By: Christopher Peterson, Ph.D. in The Good Life
Tuesday, February 28, 2012
I watched the recent 46th NFL Super Bowl between the Patriots and the Giants but sooner rather than later changed channels during the halftime show, which featured Madonna. As a result, I missed seeing live the beginning of the mini-scandal that ensued when one of her backup singers, M.I.A., made an obscene gesture to the viewing audience.
By all reports, Ms. M.I.A. gave 114 million US viewers the finger—i.e., flipped them the bird, flipped them off, showed them the back of her closed fist with the middle finger extended upwards. Whatever we want to call it, the phallic message was clear and nasty and hardly missing in action: **** you.
The NFL and NBC fell all over themselves apologizing, but let's get real. Our thresholds for outrage have increased. This was not the worst thing that any of us have seen on television or in real life.
And even more recently, singer Adele apparently gave the finger on a live British awards show when she was cut off during the broadcast. Again, apologies cascaded.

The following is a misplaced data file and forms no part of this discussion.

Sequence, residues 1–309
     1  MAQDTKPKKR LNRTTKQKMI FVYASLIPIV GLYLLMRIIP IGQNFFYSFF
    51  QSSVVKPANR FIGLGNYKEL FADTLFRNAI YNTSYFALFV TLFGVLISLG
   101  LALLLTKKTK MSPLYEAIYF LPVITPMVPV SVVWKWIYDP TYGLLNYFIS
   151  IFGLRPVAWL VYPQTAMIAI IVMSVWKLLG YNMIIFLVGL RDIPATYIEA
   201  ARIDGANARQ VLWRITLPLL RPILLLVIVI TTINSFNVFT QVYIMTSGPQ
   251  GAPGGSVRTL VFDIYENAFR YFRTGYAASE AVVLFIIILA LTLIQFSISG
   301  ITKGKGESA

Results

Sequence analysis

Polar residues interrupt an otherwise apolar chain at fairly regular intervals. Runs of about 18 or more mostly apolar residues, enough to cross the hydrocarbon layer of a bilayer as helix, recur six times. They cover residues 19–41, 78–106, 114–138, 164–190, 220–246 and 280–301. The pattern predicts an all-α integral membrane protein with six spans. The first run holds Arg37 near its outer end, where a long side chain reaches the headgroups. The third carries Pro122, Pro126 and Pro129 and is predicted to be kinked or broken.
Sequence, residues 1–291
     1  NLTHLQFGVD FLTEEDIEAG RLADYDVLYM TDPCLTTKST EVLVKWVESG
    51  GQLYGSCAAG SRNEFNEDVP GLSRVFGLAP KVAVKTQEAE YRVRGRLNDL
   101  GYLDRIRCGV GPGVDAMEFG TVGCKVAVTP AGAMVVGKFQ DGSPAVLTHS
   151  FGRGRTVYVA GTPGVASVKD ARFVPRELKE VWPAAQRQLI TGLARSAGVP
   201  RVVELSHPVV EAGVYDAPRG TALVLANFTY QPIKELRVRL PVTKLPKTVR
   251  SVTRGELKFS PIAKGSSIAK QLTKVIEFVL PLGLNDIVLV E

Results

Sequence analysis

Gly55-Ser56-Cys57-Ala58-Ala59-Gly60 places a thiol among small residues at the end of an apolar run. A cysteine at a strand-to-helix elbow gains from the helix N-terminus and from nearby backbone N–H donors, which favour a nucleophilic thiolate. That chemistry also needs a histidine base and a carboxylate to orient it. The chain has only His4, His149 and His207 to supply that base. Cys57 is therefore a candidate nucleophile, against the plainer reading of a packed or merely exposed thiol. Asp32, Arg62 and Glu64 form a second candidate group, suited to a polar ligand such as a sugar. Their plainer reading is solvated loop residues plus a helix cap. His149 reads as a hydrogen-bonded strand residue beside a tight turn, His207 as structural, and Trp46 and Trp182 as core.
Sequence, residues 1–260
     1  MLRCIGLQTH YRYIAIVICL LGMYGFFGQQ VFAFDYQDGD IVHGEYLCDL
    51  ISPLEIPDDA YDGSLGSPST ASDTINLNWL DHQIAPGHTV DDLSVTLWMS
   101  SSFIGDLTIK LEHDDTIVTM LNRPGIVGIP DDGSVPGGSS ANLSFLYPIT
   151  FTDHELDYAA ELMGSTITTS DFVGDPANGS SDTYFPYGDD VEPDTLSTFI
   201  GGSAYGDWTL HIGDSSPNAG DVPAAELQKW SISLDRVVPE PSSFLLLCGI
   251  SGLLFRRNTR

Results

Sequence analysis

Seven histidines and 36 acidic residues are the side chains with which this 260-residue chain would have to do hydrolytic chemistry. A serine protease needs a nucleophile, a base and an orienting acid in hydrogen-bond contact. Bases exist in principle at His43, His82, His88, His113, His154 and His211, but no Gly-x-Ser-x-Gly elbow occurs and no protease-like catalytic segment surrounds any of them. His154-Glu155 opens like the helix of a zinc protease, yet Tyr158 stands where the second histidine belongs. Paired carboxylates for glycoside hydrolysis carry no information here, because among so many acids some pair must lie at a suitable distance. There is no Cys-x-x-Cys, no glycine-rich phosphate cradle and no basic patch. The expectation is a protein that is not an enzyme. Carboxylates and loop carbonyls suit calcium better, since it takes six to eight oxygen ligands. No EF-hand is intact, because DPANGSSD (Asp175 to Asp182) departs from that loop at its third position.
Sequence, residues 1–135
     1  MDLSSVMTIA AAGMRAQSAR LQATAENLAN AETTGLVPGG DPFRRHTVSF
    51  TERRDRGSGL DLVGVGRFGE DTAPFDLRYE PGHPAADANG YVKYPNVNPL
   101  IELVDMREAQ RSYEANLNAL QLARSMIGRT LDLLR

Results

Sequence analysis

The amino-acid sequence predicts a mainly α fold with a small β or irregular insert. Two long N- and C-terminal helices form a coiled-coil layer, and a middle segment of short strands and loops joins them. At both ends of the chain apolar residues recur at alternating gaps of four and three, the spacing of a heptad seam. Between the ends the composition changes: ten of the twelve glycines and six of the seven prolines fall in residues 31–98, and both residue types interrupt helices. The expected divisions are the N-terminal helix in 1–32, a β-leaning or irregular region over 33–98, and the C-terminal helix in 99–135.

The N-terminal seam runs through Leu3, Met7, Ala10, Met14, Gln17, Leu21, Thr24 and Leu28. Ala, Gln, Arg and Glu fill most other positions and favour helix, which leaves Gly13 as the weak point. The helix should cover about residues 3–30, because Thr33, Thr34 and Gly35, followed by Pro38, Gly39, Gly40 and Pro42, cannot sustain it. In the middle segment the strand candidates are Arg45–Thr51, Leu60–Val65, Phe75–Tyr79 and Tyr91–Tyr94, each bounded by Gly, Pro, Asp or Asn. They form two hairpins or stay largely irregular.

Be all of this as it may, I was reminded of a study conducted by my University of Michigan colleagues, Jesse Chandler and Norbert Schwarz (2009), about the effects of such gestures on the psychology of the person making the gesture. Chandler and Schwarz asked research participants to perform a judgment task while giving the finger. A plausible cover story was provided for the request; the study ostensibly was about the effects of motor movements on reading comprehension. Specifically, in one condition, these researchers asked participants to read a story about a fictional character while extending their middle finger and then to rate their perceptions of him. Compared to other conditions (defined by different gestures), flipping the bird was associated with seeing the fictional character as more hostile. Other ratings were not affected.
To read the entire news release, see the psychologytoday.com website at http://www.psychologytoday.com/blog/the-good-life/201202/gestures-self-fulfilling-prophecies-negative-and-positive.